Female X-chromosome mosaicism for gp91phox expression diversifies leukocyte responses during endotoxemia

Rachna Chandra, Stephanie Federici, György Haskó, Edwin A. Deitch, Zoltán Spolarics

Research output: Contribution to journalArticlepeer-review

13 Scopus citations

Abstract

Objective: To test the hypothesis, using an animal model, whether female X-chromosome mosaicism for inflammatory gene expression could contribute to the gender dimorphic response during the host response. X-chromosome-linked genetic polymorphisms present a unique biological condition because females display heterozygous cellular mosaicism, due to the fact that either the maternal or the paternal X chromosomes are inactivated in each individual cell in females. This is in contrast with the conditions in males who carry exclusively the maternal X chromosome. Design: Prospective, randomized, laboratory investigation. Settings: University research laboratory. Subjects: Female mice deficient, heterozygous (mosaic) or WT for the X-linked gp91phox. Interventions: We compared selected inflammatory markers among heterozygous (mosaics), WT and homozygous deficient animals in response to in vivo lipopolysaccharide (Escherichia coli, 20 mg/kg body weight). To test individual mosaic subpopulations of polymorphonuclear neutrophil responses, we also developed a flow cytometry assay that identifies the active parental X chromosomes in individual cells, using gp91phox expression as a marker. Measurements and main results: Heterozygous mosaic mice presented white blood cell trafficking patterns similar to that observed in WT mice, despite the fact that the deficient subpopulation in mosaic animals displayed increased cell activation as reflected in elevated neutrophil CD11b expression and splenic infiltration. Mosaic animals also displayed splenic neutrophil infiltration, which was skewed toward the deficient subpopulation. Observations on splenic T-cell depletion and post lipopolysaccharide interleukin-10 responses indicated that the inflammatory response in mosaic animals does not simply display an average of the deficient and WT responses, but the mosaic subjects display a uniquely characteristic response. Conclusions: The study supports the notion that female X chromosome mosaicism for polymorphic gene expression represents a unique condition, which may contribute to the gender dimorphic character of the inflammatory response. Mosaicism for X-linked polymorphisms may have clinical significance and needs consideration in genetic association or gender-related clinical studies.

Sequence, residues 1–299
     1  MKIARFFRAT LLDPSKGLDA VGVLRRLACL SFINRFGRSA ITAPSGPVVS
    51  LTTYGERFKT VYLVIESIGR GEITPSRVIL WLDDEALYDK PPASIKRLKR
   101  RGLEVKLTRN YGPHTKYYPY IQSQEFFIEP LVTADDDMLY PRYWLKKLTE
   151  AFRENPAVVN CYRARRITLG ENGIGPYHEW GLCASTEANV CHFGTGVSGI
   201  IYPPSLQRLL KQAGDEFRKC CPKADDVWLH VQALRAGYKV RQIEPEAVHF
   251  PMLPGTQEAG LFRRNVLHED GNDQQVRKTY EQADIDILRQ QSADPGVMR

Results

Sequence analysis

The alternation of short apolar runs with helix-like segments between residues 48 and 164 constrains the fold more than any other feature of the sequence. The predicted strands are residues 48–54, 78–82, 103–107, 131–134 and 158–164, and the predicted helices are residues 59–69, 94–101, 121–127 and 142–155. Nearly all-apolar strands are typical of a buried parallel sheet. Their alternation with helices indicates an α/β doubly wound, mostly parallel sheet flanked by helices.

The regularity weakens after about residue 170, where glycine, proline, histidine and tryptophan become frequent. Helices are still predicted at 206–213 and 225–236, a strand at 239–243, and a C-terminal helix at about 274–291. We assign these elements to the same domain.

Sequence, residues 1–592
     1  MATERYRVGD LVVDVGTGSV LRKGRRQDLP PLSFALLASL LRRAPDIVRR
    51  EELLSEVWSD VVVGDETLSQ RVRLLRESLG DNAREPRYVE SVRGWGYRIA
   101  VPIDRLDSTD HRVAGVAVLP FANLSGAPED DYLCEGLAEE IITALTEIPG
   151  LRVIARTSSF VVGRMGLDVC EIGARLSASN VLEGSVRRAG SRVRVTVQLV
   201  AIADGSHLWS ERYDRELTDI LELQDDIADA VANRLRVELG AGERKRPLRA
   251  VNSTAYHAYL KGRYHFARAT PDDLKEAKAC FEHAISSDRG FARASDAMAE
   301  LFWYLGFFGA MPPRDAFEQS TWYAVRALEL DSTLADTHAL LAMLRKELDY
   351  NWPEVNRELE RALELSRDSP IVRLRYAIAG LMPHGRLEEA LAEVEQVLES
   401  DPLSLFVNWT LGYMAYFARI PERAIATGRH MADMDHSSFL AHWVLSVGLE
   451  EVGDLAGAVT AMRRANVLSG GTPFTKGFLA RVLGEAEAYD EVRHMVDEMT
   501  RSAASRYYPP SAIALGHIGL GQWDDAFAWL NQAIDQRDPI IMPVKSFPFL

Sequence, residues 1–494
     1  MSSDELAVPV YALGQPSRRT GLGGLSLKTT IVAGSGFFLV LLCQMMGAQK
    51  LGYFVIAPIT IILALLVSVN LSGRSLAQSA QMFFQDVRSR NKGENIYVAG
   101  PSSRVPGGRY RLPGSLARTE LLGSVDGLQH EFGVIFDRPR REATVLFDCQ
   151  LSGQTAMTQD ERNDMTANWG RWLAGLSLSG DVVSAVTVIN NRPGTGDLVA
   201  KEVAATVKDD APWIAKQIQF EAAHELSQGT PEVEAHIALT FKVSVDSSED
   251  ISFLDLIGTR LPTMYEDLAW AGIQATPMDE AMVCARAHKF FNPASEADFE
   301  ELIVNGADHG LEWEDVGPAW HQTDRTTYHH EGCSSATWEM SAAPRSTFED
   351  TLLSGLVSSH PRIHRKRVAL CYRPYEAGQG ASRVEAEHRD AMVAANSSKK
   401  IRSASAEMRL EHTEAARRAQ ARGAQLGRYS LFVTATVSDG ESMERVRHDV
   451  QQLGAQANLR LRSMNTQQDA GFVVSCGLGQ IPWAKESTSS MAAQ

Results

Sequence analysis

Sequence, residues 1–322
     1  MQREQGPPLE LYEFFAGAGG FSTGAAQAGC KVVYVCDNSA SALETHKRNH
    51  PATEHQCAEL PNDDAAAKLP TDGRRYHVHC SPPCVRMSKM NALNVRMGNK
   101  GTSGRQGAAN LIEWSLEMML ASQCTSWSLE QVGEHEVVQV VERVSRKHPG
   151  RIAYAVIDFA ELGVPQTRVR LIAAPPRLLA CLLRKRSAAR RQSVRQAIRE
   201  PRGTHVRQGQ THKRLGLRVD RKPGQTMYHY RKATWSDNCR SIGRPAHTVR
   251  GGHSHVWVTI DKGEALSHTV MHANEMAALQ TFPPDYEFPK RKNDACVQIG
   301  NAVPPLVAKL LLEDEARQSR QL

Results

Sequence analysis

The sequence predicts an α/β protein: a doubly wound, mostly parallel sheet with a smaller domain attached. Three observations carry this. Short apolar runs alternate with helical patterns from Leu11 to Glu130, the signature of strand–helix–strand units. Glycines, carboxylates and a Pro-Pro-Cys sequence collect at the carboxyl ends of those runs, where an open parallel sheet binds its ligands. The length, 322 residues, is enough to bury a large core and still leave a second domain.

Original languageEnglish (US)
Pages (from-to)2003-2010
Number of pages8
JournalCritical care medicine
Volume38
Issue number10
DOIs
StatePublished - Oct 2010

All Science Journal Classification (ASJC) codes

  • Critical Care and Intensive Care Medicine

Keywords

  • X chromosome inactivation
  • gender
  • gp91phox
  • inflammation
  • lipopolysaccharide
  • polymorphonuclear

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